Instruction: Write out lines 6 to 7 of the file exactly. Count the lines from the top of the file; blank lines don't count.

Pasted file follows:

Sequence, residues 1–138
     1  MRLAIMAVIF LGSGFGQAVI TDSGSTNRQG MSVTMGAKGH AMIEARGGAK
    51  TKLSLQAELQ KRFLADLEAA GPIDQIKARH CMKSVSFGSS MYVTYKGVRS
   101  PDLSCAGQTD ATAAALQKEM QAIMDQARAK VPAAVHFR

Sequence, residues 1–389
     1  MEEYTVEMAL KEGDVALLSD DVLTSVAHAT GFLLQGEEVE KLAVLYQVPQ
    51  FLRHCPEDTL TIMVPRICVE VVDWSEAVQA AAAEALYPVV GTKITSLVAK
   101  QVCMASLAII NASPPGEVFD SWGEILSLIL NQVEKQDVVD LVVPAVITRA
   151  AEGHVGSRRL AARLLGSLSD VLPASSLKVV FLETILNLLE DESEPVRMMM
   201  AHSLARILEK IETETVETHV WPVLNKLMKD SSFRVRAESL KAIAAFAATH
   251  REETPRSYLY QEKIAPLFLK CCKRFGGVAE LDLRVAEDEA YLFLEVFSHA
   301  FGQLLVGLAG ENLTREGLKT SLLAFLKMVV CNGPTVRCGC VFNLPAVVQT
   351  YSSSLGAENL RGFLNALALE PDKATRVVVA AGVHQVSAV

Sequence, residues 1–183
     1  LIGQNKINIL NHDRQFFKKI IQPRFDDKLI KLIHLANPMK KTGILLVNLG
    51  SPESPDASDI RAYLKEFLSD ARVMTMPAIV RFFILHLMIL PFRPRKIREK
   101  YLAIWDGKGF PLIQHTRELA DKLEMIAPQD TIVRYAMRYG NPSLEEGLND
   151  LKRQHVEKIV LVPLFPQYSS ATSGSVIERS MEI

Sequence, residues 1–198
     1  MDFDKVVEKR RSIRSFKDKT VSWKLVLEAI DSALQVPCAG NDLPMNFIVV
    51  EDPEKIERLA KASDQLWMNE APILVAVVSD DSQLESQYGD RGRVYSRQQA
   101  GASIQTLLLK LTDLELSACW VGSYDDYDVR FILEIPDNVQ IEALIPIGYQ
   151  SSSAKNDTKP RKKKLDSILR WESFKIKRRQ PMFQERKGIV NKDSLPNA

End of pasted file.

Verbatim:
     1  MEEYTVEMAL KEGDVALLSD DVLTSVAHAT GFLLQGEEVE KLAVLYQVPQ
    51  FLRHCPEDTL TIMVPRICVE VVDWSEAVQA AAAEALYPVV GTKITSLVAK